Crazy weather on the hunt for dinosaurs, 5 January 2020

bass

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I hit Swan Island (Jurassic Park) in search of sturgeon (dinos) again this past Sunday. It was the last day before break and so even though the weather looked a little dicey I decided to give it a go before heading back to work.

I got to the ramp around 8am or so and chatted with another kayaker. I told him about the schools I had found a few weeks back but that I those schools seemed to have moved out based upon my latest intel.

He said he was heading straight out to the dry docks but I told him that I wanted to search for the lost schools of Jurassic Park. I fish at the dry docks as a last resort (they do produce a lot of biters) but I find it more enjoyable if I can find biters out in the main harbor, or even better, out in the current.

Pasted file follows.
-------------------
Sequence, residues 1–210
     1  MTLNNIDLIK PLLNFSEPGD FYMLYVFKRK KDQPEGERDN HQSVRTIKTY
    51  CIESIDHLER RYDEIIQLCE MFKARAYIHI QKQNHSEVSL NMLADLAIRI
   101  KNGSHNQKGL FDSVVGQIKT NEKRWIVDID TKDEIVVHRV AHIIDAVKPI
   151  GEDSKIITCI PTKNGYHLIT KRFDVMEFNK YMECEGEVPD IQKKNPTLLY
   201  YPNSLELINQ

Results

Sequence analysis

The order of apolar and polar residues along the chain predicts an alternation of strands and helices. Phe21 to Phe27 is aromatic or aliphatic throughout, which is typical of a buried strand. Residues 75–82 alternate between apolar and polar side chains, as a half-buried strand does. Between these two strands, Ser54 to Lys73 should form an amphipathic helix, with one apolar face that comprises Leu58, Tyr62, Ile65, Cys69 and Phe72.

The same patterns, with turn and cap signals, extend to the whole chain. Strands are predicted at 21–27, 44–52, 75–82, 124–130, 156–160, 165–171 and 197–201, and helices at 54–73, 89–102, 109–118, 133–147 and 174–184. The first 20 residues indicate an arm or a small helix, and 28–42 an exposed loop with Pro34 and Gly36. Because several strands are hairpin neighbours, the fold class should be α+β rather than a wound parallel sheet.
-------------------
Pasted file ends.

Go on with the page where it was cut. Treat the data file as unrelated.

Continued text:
About the time I launched the wind picked up and started gusting hard. I looked at the weather data later and it looks like the gusts were hitting 29mph. That is not a happy place!

The harbor has changed a lot since my last trip. I was marking millions of fish, but they were all suspended a short distance above the bottom and did not look like sturgeon on the sidescan. However, I have been wrong in the past, many times in the past, so I decided to fish the bigger concentrations.

I stopper perhaps a half dozen times as I worked my way out towards the mouth. As far as I could telll, given the fierce and gusty wind, I did not have a bite.

I decided to skip past the dry docks, which already had the other kayaker and another boat fishing them, and try at the edge of the current. Often this is a dynamite spot. It was kind of fun being tucked behind a huge barge, that acted as a windscreen, and casting out into and just watching a churning and malevolent Willamette.

As fun and interesting as that was, it really was not interesting enough for me to overlook the fact that I still was not getting bit. It was around noon and I had spent about 4 hours on the water and I was still fishing with my first, completely unblemished bait.

I should also add that with the blowing gale there were occasional bouts of horizontal rain. It may sound odd but it makes me feel truly alive when I am out in that kind of weather in my kayak.